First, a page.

Nigel Clough, the Sheffield United manager, has insisted Stephen McGinn must be given “until the last possible moment” to prove his fitness ahead of tomorrow’s League One encounter with Swindon Town, writes James Shield.
McGinn was substituted during the opening stages of last weekend’s FA Cup victory over Cambridge United after reporting a sharp pain at the back of a knee.
Tests later revealed a sore hamstring was the most likely cause of the problem and Clough, describing the midfielder as a “genuine 50/50” chance, said: “We’ll wait for Stephen as long as we possibly can but, as always in these situations, we will err on the side of caution.
“We’ve got some very important matches coming up and it’s much better to lose Stephen for one rather than four or five. We’re about to enter a very busy period.”
“We’ve got enough players to cope but it’s not a numbers thing,” Clough added. “That’s not really the issue.
“Ideally we’d rather keep that partnership going between him and Michael Doyle because they’ve done very well together in there.”
United are 20th in the table despite stretching their unbeaten run in all competitions to four courtesy of that second-round success at the Abbey Stadium. Clough’s charges visit fellow strugglers Stevenage seven days after entertaining Mark Cooper’s seventh-placed side before preparing for fixtures against Oldham Athletic, Tranmere Rovers and Walsall.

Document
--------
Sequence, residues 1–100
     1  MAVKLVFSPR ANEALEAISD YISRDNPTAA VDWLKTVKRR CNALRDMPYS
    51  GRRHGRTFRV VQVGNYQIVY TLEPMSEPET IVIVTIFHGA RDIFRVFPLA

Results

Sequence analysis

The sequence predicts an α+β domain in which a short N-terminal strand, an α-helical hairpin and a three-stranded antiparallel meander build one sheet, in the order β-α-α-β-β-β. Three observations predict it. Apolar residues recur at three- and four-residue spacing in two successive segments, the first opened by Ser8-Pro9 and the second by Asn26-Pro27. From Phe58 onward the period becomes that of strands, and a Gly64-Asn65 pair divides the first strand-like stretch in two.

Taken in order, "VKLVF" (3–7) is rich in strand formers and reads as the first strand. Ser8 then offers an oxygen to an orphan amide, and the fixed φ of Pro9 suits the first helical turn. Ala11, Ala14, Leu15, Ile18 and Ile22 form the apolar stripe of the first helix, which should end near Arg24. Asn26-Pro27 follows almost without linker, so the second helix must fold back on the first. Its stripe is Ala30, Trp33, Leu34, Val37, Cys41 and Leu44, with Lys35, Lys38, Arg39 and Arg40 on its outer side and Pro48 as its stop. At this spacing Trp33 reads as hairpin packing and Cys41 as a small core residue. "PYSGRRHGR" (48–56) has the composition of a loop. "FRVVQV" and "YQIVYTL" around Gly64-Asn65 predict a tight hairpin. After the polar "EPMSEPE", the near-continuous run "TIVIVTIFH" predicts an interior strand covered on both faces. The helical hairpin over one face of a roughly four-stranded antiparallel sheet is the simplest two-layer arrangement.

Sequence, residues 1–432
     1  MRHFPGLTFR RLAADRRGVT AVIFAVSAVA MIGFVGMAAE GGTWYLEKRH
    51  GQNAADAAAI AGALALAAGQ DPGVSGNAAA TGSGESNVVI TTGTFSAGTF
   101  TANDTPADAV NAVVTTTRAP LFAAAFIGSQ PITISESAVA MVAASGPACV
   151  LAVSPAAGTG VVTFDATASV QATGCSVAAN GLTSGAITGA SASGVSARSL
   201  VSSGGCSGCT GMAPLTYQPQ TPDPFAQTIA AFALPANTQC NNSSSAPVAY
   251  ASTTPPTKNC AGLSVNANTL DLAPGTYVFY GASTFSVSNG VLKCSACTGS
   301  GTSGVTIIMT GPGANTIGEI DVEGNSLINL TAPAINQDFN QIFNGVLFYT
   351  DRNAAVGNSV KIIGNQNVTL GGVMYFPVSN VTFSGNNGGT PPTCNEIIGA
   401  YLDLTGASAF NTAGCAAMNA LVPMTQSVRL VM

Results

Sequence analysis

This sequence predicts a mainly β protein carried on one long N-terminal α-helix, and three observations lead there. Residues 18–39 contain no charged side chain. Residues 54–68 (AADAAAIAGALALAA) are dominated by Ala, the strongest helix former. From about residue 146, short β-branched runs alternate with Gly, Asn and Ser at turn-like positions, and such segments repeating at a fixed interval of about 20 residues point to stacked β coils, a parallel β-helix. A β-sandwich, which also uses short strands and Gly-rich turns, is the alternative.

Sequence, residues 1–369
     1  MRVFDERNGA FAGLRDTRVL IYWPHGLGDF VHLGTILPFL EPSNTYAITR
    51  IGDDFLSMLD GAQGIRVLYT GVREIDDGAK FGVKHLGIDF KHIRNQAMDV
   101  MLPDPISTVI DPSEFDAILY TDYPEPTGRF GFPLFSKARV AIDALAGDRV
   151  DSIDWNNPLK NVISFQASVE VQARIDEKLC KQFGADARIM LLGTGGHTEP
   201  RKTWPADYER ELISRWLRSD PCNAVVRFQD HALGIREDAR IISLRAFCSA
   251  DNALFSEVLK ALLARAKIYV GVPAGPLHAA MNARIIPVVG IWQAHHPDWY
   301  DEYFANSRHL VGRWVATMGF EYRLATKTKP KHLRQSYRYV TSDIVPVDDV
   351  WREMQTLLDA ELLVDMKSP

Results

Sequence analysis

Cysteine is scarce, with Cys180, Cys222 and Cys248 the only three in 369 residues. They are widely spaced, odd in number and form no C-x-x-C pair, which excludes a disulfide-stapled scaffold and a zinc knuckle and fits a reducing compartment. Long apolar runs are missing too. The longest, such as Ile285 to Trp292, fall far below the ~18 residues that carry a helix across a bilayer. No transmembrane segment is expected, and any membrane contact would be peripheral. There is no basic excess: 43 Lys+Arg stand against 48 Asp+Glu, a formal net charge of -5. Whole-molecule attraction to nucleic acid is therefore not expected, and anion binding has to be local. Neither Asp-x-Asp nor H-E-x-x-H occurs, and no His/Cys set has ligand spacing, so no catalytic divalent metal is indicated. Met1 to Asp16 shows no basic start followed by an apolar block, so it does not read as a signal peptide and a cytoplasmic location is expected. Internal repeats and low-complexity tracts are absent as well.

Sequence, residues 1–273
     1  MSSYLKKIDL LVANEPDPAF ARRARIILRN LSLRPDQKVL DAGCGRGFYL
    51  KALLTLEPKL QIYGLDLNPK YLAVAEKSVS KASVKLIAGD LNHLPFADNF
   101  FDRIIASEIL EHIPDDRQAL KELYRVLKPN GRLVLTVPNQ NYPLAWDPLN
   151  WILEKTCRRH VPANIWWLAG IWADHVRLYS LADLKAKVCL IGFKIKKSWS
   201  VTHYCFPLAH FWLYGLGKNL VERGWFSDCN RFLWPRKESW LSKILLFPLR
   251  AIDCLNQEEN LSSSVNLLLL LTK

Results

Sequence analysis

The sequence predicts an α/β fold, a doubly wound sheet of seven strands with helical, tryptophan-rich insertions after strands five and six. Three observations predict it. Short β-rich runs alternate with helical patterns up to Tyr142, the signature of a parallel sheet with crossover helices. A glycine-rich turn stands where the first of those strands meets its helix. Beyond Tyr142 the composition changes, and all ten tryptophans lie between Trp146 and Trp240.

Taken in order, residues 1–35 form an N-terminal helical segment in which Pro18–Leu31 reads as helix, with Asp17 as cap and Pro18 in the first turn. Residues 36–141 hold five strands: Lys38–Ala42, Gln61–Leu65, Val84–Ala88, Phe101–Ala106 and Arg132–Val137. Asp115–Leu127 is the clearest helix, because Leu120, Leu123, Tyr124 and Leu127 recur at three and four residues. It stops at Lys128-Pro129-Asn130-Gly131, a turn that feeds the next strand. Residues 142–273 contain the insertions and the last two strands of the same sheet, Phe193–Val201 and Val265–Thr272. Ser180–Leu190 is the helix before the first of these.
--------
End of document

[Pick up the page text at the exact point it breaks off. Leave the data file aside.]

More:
Defender Tony McMahon and the on-loan Aidy White are both eligible for selection after missing the trip to Cambridgeshire. Town, who like United reached the play-off semi-finals last term, reportedly cancelled winger Luke Rooney’s contract before Tuesday’s Johnstone’s Paint Trophy clash at The Lamex Stadium.
Manager Mark Cooper, who is waiting to discover if centre-forward Nile Ranger will make himself available for selection, revealed Rooney’s problems with predecessor Paolo Di Canio had cast a shadow over his performances this term.
“When I came to the club he was part of the squad and had brilliant ability but was maybe just a bit disillusioned with the previous regime,” Cooper explained. “He was totally ostracised under that.
“He came back into the fold with me and Kevin (MacDonald) and showed glimpses of the ability which made the football club pay what they did for him.
“I think that really knocked him back, the way he was treated. Once you lose that momentum it’s difficult to then get it back but I’m sure that if he wants to get it back and push himself then he can make a good career out of the game.”